Richard Paul Lohse: Graphic Design 1928-1988 By Christoph Bignens et al. Hatje Cantz, 2002. 312pp. £65
Concrete Art in Europe since 1945 By Dietmar Gaderian et al. Hatje Cantz, 2002. 288pp. £39.95.
Both books are distributed by Art Books International 023 922 830000 From 1948-56, the Swiss artist Richard Paul Lohse was co-editor and designer of the magazine Bauen + Wohnen (Building + Home), and responsible for fundamental changes in its content and presentation.
What before had been an undemanding repository for 'Swiss regional style and moderate Classicism', became Modernist and international in scope. Mies, Chermayeff, Fuller, Prouvé, Eames all appeared, alongside younger architects such as Aldo van Eyck, with space devoted rather to prefabrication than the individualistic forms of Oscar Nieymeyer, for instance.
Lohse took a position, which his design reinforced, with its emphatic grids, strong use of colour, and studied integration of text and image - all reflecting his commitment to Constructive art, and in close parallel to the modular and serial strategies he pursued in his paintings of that time. For painting was primary for Lohse; graphic design paid the bills. But, as Richard Paul Lohse: Graphic Design 1928-1988 reveals, it was an important part of his life at least until the mid-60s, with clients from industry to the fore.
The book itself is remarkably elegant in design. And by deftly putting Lohse's work in a broader context, indicating its relationship with his painting and its place amid other graphic trends, it is a much less specialist volume than one might think, becoming instead a rich visual primer and resource.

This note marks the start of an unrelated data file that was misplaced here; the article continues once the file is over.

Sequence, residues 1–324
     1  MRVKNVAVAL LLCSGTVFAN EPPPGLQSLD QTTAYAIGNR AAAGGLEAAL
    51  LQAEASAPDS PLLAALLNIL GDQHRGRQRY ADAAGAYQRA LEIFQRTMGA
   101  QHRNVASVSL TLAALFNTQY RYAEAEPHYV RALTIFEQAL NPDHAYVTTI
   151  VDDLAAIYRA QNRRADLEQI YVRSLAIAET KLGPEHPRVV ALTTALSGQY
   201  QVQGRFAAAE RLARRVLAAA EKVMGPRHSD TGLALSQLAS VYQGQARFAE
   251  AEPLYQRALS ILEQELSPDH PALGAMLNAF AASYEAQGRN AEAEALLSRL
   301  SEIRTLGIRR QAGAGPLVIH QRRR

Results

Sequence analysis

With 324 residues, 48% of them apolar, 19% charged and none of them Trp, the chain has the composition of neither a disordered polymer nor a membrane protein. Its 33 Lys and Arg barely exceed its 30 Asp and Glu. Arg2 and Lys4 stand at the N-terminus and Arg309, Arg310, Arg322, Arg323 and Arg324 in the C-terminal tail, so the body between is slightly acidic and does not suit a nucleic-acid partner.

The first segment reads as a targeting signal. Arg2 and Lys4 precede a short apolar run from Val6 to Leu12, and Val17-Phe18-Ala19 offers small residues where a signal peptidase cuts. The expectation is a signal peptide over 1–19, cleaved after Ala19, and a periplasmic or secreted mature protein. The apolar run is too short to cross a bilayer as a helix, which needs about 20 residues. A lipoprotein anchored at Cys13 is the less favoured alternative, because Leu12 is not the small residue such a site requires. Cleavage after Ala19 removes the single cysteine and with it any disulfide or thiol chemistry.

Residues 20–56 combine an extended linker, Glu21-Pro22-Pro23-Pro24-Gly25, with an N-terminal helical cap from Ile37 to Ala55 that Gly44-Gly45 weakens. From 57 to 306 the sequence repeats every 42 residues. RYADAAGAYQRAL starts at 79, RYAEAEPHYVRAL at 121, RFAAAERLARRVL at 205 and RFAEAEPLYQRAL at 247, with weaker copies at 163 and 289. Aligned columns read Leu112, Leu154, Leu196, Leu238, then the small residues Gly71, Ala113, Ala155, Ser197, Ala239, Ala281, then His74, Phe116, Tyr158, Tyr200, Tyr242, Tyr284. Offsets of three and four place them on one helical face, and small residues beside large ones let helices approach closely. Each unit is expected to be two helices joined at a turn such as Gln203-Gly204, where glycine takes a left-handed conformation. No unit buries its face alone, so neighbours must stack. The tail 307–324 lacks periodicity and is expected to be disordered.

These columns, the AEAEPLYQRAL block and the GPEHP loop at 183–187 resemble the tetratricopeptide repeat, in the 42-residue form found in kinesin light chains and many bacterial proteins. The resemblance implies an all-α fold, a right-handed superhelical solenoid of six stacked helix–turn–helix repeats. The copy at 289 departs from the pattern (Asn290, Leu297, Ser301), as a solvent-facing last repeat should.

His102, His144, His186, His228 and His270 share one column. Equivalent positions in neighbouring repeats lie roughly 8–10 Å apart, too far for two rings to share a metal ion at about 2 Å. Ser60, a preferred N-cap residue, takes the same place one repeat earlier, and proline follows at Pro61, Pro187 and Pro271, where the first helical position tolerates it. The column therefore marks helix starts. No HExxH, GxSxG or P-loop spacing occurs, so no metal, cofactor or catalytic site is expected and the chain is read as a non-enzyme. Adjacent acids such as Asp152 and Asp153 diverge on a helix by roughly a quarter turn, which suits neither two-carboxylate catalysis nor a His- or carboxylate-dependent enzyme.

Lohse the painter is prominent in Concrete Art in Europe since 1945 - the catalogue to some 250 paintings, reliefs and sculptures amassed by the German collector Peter C Ruppert, which form the new Museum im Kulturspeicher, Wurzburg, housed in a former granary by the River Main.
The term Concrete Art originates in the manifesto that Theo van Doesburg wrote for the one and only edition of the magazine Art Concret in 1930. Van Doesburg argued for an abstract art that would draw on the previous researches of Constructivism, the Bauhaus and De Stijl; in practice, the terms Concrete and Constructive are often interchangeable, and certainly the British artists Ruppert has collected - Victor Pasmore, for instance - would have called their idiom Constructive.
Forgetting the label, what about the art?
Ranging across Europe for examples (clearly something of a 'completist'), Ruppert has made a surprisingly diverse collection of - what one essay in the book aptly calls - 'quiet abodes of geometry'. As the two principal centres of post-war activity in this field, Zurich and Paris are properly acknowledged - and Günther Fruhtrunk stands out in the latter. But it is Zurich-based Lohse who shows most persuasively how engaging this approach to art can be.
Fifteen systematic colour rows with vertical and horizontal concentration (1950/67) sounds like a dry recipe, a scientific study - but the result, for all the internal logic and candour about how it is made, is something else. Like all the best pieces in this well-illustrated book, it suggests that 'systematic' procedures and inherent order, informed by the right sensibility, offer just as much as more obviously personal, expressive 'gestures'; not just a lesson for art, of course.
In the remote Texan town of Marfa, you can open the door of a former barracks building at Fort D Russell and find Lohse's paintings: it is no surprise that Lohse was so admired by Donald Judd.